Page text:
Or, conversely, by who wants to move in. A city that seeps population over time invariably has deeper problems driving its demographic change, like poor school districts that can't keep young families, or weak job prospects for its college grads. A county that attracts new residents, on the other hand -- maybe young people in particular, or retirees -- likely has the right amenities to lure them. Maybe a certain job sector. Rush Limbaugh: Detroit Went Bankrupt Because Blacks Drove Out Whites.
Economists are attributing Detroit’s recent bankruptcy filing to problems facing the entire Rust Belt region: a shrinking tax base, high health and pension costs, sprawl, and general dysfunction.
Tech and innovation power Detroit's manufacturing revival. Similar efforts are under way in Detroit to foster innovation and entrepreneurism.
These include the Obama administration's manufacturing innovation institute, called Lightweight Innovations for Tomorrow (LIFT), launched in January, and the philanthropic New Economy Initiative (NEI), an economic development initiative working to build a network of support for entrepreneurs and small businesses.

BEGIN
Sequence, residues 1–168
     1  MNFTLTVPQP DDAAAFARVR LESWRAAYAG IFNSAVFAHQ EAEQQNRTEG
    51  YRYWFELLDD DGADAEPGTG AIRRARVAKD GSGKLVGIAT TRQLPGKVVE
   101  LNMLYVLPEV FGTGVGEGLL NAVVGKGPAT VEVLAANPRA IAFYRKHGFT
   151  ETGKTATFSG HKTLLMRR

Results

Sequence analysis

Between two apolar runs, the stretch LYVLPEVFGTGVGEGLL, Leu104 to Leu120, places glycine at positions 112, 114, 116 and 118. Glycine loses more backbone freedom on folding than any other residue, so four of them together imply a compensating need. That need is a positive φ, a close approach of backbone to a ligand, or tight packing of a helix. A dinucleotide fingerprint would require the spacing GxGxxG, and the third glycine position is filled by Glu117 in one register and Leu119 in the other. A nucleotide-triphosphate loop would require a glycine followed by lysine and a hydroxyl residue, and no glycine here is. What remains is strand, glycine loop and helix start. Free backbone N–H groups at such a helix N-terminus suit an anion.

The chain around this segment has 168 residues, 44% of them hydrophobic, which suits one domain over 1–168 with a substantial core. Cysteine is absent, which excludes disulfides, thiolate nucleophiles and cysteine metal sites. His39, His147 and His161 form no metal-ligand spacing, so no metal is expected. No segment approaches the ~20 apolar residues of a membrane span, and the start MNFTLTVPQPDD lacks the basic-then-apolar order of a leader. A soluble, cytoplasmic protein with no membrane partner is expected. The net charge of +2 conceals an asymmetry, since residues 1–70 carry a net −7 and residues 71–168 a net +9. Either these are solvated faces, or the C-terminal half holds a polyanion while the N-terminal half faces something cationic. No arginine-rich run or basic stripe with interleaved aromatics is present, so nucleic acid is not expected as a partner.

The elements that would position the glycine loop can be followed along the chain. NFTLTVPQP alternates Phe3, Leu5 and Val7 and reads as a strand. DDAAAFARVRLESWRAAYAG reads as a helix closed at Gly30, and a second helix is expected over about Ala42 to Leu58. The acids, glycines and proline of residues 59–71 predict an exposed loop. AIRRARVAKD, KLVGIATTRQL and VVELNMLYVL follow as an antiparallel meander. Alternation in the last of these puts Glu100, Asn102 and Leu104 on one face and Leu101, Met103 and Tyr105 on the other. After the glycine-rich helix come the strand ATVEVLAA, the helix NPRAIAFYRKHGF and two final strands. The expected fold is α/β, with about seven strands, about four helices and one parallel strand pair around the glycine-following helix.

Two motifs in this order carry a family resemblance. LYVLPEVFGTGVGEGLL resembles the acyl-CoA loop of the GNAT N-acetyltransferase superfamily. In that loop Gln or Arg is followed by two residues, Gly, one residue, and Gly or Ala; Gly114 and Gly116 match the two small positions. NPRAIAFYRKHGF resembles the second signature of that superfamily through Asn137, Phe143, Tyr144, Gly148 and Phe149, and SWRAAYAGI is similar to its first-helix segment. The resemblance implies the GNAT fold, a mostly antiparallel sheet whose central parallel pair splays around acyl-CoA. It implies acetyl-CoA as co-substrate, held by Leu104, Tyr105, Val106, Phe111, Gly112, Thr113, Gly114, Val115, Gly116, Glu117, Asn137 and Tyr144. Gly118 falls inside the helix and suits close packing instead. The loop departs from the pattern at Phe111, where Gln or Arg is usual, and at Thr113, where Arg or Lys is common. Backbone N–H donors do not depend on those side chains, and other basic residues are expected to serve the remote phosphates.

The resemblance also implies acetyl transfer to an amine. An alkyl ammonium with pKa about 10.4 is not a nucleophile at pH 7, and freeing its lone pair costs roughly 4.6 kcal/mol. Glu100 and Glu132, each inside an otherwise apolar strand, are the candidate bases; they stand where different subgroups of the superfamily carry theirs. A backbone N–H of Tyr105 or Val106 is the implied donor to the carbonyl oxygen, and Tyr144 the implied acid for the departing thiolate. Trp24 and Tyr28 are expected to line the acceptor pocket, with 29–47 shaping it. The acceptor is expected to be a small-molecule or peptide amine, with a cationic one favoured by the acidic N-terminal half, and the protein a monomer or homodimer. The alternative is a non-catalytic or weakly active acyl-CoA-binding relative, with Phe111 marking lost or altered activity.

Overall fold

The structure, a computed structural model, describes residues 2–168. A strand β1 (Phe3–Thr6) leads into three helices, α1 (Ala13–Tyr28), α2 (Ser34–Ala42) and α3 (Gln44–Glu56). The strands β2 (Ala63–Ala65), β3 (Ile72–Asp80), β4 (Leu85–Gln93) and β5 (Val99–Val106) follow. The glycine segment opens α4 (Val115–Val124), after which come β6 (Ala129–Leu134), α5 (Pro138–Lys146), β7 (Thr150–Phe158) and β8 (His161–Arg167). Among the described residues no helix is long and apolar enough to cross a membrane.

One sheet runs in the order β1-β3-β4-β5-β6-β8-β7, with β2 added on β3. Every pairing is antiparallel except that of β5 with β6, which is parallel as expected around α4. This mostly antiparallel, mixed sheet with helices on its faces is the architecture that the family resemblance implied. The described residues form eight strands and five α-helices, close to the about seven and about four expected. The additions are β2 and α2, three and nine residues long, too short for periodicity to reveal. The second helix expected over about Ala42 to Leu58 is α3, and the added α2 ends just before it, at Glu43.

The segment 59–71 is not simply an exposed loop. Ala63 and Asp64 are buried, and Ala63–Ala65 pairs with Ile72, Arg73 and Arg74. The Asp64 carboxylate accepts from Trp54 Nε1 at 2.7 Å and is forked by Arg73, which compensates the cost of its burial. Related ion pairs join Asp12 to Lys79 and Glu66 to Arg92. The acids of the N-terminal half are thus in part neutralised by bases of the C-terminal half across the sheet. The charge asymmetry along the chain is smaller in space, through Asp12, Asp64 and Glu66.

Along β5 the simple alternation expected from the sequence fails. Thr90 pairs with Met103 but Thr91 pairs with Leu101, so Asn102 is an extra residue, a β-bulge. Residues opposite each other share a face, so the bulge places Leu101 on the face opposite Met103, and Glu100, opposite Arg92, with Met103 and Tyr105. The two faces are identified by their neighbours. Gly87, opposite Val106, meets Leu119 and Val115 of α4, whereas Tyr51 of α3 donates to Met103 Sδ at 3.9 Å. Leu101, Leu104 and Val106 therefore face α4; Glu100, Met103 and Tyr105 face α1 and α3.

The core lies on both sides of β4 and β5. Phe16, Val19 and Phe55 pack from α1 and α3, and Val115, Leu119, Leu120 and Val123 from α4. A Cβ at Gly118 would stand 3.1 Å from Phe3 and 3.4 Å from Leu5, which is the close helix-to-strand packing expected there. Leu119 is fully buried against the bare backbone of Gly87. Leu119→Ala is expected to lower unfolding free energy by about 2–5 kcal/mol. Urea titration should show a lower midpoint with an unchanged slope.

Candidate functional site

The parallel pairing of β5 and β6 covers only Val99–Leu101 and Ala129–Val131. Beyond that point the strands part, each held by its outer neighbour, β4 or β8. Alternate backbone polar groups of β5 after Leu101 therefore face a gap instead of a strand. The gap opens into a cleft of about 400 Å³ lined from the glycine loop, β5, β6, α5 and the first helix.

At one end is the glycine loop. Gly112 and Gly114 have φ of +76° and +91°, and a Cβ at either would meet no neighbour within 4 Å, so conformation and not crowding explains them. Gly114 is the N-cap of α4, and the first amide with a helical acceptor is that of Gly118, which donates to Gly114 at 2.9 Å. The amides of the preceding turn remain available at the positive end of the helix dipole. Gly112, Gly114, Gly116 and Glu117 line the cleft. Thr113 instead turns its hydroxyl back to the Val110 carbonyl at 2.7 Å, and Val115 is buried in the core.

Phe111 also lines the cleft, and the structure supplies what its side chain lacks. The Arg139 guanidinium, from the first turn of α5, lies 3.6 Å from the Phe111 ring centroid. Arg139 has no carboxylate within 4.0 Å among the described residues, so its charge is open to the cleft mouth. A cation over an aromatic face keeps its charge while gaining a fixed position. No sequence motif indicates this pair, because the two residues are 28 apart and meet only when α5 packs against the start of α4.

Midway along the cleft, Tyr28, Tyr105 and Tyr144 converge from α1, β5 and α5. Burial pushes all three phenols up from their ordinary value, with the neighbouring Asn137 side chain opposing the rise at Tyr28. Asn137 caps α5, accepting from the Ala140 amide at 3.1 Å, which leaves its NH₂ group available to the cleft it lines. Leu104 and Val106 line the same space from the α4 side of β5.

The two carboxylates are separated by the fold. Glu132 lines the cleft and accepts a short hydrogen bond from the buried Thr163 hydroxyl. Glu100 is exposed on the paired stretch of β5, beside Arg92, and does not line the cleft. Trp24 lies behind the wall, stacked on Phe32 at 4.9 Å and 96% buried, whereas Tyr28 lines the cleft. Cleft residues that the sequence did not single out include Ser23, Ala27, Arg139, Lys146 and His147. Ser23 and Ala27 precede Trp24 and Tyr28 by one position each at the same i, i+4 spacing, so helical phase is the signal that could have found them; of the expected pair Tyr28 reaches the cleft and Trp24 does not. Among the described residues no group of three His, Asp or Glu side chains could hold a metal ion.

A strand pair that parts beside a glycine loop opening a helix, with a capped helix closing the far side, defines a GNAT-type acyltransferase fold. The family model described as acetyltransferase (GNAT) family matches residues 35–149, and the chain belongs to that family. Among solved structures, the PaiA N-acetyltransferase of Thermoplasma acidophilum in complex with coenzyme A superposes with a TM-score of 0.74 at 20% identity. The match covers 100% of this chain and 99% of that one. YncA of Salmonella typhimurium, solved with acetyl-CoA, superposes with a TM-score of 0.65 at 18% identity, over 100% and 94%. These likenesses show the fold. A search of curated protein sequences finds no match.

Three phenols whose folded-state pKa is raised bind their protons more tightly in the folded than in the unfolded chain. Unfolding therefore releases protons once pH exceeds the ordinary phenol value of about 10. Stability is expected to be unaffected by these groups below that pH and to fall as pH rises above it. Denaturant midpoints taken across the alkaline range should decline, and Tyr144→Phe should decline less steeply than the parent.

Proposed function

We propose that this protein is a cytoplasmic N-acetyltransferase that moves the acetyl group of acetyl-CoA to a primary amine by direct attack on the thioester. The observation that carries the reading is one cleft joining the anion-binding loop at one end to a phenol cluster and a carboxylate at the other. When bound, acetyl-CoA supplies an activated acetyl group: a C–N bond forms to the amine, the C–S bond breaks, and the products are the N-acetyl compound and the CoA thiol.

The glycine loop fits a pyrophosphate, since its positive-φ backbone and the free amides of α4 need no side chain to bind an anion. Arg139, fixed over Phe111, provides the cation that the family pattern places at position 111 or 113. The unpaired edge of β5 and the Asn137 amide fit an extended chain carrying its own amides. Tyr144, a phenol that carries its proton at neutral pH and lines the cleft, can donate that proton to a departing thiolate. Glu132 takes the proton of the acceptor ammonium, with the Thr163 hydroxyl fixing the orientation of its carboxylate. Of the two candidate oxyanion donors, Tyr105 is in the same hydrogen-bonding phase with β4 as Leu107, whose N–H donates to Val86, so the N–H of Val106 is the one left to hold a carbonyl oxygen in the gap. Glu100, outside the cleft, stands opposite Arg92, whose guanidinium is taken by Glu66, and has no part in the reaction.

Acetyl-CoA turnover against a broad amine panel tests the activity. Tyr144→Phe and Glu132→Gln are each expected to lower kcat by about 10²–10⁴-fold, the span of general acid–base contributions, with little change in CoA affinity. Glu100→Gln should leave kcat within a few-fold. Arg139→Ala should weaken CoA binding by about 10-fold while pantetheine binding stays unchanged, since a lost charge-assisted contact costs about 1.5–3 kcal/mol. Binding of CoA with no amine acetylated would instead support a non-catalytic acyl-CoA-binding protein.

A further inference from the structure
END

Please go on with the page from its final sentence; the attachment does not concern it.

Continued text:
"We don't support entrepreneurs directly, but the ecosystem that does," explained David Egner, executive director of NEI, which has raised $135 million to fund entrepreneurs and programs like LIFT. Detroit bankruptcy another setback for unions. Detroit's historic bankruptcy filing is a major setback for public employee unions that have spent years trying to ward off cuts to the pensions of millions of government workers around the country.
Detroit’s white population rises. Detroit’s white population rose by nearly 8,000 residents last year, the first significant increase since 1950, according to a Detroit News analysis of U.S.
Census Bureau data. The data, made public Wednesday, mark the first time census numbers have validated the perception that whites are returning to a city that is overwhelmingly black and one where the overall population continues to shrink. Many local leaders contend halting Detroit’s population loss is crucial, and the new census data shows that policies to lure people back to the city may be helping stem the city’s decline.